Lately, I've been enjoying some lighter reading, namely several new historical romances by authors that I know will usually turn out a good product. Long time author Jane Feather is one of those writers that I trust; while a few of her novels have bombed for me, most of the time she can keep me interested and entertained enough to finish her stories.
Ms. Feather has started a new series with A Wicked Gentleman, set in the Regency period of London, England. Three ladies, Cornelia, her sister-in-law Aurelia, and their cousin Livia, decide to go to London, each one for different reasons. At first uncertain how they will afford it, a surprise legacy from an unknown relation provides them with a house on the fashionable Cavendish Square.
This particular story centers around Cornelia, the widowed Lady Dagenham. Desperate to keep her two young children with her, Cornelia happily agrees to chaperone Lady Liv, and London provides a welcome respite from the threats of her uncle, who seeks to keep her son, Lord Stevie, from any hint of trouble. The idea of having her son taken away from her haunts Cornelia, especially when the proposed tutor is a bit of a sadist.
But London isn't seeming to be that much of a haven either. For one thing, the townhouse is a wreck, along with three aged servants who have their own attitudes about how things ought to be run. But what may be worst of all is the presence of Harry, Viscount Bonham. Besides being devastatingly handsome (aren't they always?), Harry has quite a few secrets of his own, and he and Nell keep crossing paths.
Unhappily for both Nell and Harry, his secrets, including the rather lurid death of his former wife, and his own reasons for seeking out the trio of ladies may prove to be too much for any hope of romance to survive the ugly truth. It's a tried and true plot that is usually found in romantic historicals, but Jane Feather manages to breathe some new life into the story.
For one, the heroine, isn't the usual sort of ninny that is found in this novel. Cornelia is a grown-up, with a previous life that has left her with children, a touch that is rarely found in these sort of novels. She also has another rare trait -- a sense of humor, and there are several scenes in the novel that are laugh-out-loud funny. Harry is a little too perfect, always managing to show up at just the right moment with hardly a hair out of place, but by the end of the story, there's enough emotional tension going on to overlook that stumbling block. Too, the author doesn't fall into the pit of turning this into yet another book where it's nothing but sexual bouts between the leads, and the plot goes to the wayside. While there are quite a few dangling issues left at the end of the book, it's satisfying enough that it can be read as a stand-alone novel.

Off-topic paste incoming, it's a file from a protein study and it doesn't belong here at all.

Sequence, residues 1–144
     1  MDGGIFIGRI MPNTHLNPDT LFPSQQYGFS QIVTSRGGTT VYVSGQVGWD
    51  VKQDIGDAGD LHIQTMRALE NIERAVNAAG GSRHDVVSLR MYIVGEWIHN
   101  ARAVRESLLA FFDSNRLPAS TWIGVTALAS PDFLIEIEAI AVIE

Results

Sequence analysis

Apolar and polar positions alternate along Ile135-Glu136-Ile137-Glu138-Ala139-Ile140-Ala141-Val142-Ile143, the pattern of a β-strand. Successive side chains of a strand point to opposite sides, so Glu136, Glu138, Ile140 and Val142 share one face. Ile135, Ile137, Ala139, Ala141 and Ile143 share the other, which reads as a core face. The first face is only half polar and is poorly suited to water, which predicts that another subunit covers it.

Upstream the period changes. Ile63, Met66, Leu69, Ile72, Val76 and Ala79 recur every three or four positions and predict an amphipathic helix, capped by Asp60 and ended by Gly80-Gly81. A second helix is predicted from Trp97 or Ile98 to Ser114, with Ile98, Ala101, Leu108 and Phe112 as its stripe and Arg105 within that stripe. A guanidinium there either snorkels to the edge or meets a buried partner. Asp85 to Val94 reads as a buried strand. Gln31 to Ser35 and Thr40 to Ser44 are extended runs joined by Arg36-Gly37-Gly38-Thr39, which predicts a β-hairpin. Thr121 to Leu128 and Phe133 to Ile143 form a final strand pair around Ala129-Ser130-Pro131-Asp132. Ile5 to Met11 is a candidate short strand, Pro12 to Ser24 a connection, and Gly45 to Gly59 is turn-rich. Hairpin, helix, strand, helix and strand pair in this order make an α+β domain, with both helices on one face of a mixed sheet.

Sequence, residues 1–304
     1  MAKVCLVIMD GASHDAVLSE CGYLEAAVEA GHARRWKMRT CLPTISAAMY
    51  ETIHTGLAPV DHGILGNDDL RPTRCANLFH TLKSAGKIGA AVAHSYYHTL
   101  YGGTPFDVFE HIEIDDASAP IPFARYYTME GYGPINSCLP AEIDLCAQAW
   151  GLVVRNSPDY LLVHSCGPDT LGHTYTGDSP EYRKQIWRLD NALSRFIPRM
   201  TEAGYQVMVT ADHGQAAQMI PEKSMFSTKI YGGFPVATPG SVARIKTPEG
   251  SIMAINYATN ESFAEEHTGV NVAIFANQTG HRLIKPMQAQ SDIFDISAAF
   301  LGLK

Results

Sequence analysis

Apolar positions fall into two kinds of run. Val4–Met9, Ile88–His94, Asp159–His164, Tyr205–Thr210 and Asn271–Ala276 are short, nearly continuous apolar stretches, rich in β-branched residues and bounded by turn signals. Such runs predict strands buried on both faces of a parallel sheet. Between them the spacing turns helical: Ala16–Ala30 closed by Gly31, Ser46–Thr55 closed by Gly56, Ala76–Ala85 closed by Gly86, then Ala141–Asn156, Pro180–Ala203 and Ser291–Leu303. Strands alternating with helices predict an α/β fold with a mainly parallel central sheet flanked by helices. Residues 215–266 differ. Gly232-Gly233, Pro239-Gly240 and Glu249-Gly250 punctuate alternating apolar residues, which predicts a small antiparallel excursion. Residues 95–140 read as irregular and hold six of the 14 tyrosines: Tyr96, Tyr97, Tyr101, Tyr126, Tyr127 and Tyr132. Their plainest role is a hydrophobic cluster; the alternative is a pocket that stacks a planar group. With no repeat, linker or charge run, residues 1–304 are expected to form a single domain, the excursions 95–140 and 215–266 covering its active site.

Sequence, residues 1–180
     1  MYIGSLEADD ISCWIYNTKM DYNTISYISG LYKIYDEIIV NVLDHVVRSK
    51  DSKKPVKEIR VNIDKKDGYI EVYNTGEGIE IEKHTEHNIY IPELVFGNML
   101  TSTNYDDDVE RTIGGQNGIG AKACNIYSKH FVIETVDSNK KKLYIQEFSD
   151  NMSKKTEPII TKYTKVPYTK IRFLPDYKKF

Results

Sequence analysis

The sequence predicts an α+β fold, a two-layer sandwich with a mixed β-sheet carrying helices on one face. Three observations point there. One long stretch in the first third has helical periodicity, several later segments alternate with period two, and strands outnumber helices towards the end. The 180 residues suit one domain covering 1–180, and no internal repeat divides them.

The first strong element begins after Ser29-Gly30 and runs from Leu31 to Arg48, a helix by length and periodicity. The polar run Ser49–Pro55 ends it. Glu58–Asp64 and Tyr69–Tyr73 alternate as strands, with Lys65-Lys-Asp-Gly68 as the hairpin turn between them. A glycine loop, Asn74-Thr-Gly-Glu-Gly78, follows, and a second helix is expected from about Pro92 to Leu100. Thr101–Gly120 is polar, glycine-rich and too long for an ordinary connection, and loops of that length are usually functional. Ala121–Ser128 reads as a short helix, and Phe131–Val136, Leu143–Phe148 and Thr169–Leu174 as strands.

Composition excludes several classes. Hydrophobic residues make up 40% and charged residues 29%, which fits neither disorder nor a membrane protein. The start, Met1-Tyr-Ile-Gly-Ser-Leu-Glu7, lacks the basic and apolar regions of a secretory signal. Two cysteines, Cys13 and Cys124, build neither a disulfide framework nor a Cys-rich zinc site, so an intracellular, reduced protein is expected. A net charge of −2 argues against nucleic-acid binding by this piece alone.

The main plot besides the romantic aspect involves a band of French spies trying to get into the house on Cavendish Square to find an object that is hidden there at the begining of the book. For those who might think that this sort of thing is far-fetched and an aristocratic nobleman is working to stop them, the truth may surprise them.
The secondary characters, Aurelia and Liv along with Harry's assistant, Lester, and the children, are fairly well-fleshed out, and provide some lighter touches and help to keep the story a bit more balanced than a constant 'he-said, she-said.' One interesting thread involves Lady Sophie, the desceased previous owner of the house, and the little clues that are scattered throughout the novel that indicate that she may not have been everything that she seemed. I can only hope that the future novels in the series will explore this angle a bit more.
Ms. Feather's writing style is fluid, and clear of anachronisms. Her knowledge of the time-period -- the early nineteenth centure -- is evident in how her characters behave and act. Regency society was one of those where reputation was everything and unlike most modern writers, Ms. Feather puts it to good use in the story.
Summing up, it's a good novel of this type, and better than most to be found in this genre. One of the best parts about this writer is that she works to maintain her consistancy of writing good stories that provide an evening's entertainment. I will continue to look for her forthcoming novels in her Cavendish Square series, as yet unnamed.